this article about the new DVD standards, which will come locked down with new, onerous Digital Rights Management restrictions. It’s a good overview of how new consumer electronica are being designed to basically protect big corporations from the consumers who buy them.
One point that the article really misses, though, is how DRM isn’t really aimed at pirates, despite all of the entertainment industry’s protests to the contrary. Instead, the only real purpose of this technology is to force you to pay multiple times for same content. Want to watch a movie on your TV? Great! Buy the DVD. Want to watch it on your iPod? Well, here you go, buy it at iTunes. Want that music you downloaded from iTunes as your phone’s ringtone? Cough up more dough. What’s that you say? Fair use? Well, according to the past head of the MPAA, it doesn’t exist.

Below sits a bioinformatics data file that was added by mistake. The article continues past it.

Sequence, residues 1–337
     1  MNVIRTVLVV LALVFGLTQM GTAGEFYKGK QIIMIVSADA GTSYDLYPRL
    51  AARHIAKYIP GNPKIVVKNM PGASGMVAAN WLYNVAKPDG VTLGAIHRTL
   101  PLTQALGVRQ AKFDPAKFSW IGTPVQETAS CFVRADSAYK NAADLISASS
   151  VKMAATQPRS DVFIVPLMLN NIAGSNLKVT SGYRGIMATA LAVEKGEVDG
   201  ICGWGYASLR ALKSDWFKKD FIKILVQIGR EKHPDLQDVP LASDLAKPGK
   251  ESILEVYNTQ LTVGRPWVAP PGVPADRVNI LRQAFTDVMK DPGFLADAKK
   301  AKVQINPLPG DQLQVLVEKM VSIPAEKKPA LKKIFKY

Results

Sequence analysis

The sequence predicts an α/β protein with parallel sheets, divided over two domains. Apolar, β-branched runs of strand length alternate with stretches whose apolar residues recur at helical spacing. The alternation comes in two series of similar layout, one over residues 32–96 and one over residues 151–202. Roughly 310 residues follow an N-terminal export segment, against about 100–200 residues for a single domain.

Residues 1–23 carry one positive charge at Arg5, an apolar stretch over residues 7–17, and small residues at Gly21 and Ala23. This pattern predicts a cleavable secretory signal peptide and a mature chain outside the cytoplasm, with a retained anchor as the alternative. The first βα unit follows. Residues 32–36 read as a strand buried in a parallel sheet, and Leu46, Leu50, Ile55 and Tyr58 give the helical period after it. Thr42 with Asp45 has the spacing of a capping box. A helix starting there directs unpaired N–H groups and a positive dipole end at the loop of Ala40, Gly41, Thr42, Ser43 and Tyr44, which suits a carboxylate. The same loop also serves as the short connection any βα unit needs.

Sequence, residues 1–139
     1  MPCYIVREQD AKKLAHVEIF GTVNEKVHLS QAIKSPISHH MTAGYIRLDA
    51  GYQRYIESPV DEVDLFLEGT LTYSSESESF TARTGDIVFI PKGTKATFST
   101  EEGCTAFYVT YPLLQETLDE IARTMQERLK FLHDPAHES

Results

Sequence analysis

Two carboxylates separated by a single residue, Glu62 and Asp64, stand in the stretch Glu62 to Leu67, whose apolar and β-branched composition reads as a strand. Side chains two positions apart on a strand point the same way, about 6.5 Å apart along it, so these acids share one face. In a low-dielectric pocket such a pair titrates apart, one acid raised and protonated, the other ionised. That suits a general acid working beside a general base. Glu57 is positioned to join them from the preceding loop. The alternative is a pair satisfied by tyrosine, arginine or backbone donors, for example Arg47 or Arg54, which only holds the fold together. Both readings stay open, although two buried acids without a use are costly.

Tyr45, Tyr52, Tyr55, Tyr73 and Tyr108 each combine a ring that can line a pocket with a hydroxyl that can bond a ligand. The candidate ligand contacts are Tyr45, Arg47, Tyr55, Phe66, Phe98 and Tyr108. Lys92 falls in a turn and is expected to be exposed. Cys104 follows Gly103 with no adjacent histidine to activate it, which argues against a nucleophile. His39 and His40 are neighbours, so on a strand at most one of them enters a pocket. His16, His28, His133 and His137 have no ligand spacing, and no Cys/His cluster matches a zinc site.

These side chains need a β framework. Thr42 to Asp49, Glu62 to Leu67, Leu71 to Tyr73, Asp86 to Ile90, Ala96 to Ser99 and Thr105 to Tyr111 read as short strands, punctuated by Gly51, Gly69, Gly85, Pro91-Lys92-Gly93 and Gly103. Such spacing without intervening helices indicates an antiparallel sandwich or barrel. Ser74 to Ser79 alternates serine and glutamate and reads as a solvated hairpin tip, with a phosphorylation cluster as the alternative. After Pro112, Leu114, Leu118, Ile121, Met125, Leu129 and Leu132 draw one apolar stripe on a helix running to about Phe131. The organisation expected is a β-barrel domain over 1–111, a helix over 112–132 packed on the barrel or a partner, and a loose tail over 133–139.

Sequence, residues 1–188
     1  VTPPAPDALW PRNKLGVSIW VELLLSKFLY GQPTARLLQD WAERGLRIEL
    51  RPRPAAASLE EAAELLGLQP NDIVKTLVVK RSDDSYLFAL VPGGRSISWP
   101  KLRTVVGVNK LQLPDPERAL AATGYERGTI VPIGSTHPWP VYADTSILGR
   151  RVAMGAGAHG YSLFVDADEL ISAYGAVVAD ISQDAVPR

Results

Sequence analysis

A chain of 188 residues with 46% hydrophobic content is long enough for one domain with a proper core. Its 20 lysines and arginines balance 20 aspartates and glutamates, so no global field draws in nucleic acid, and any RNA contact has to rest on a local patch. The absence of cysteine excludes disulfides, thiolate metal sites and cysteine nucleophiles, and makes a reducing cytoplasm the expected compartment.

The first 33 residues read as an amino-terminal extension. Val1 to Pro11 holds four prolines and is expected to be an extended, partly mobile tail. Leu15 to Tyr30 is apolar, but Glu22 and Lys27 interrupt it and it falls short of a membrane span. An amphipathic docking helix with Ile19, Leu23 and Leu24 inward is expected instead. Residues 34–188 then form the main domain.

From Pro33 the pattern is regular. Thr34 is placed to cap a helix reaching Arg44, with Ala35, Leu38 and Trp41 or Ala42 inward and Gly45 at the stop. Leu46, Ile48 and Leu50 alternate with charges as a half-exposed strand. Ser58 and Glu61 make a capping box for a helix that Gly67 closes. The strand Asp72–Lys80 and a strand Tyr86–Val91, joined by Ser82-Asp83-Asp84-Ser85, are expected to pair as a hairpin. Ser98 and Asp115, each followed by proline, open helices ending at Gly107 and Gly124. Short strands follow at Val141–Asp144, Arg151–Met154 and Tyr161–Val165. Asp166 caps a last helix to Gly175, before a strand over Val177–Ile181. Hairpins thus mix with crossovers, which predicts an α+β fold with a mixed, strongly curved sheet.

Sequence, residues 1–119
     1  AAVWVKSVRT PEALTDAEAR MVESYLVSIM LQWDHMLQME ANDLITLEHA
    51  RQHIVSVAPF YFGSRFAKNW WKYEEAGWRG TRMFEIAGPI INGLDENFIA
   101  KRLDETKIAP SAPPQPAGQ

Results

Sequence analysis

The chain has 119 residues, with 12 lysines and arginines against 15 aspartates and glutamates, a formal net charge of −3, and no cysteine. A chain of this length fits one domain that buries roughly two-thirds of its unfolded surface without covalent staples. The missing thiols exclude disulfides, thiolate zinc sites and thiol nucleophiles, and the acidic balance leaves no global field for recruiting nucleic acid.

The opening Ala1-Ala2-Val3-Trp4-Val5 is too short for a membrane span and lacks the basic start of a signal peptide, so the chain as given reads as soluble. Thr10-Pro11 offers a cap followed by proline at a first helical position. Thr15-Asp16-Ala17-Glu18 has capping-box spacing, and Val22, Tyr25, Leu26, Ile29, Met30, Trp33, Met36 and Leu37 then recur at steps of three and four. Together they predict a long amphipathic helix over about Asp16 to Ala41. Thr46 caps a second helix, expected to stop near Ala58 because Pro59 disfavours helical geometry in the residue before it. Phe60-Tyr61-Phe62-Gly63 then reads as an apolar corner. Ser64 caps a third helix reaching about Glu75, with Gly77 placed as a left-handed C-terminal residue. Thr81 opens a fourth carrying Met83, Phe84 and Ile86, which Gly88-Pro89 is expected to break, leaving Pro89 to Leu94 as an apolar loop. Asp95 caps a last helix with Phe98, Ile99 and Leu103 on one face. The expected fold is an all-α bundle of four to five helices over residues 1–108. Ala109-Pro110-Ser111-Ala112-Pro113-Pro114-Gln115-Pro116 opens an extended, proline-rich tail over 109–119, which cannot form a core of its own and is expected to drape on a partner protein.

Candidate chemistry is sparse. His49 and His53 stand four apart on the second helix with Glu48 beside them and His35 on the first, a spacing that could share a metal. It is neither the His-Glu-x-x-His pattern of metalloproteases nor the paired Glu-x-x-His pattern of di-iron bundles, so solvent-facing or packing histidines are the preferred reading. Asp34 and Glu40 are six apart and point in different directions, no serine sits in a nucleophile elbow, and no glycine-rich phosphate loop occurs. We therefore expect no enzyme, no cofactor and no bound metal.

On a brighter note, Ars Technica has a profile of some of the good guys in the music industry: Emusic. Emusic is a digital music subscription service with no strings attached. No DRM, no limited playlists, no nothing. Just high-quality MP3’s that are compatible with just about all of the digital music players out there. It is interesting to note that they chose to be DRM free not because of any idealism, but because of a sound business decision. They wanted the maximum possible customer base for their product, so they selected the format that is most universal. And they seem to be making money at it, too. I signed up a few months ago, and I have to say I’m a happy customer.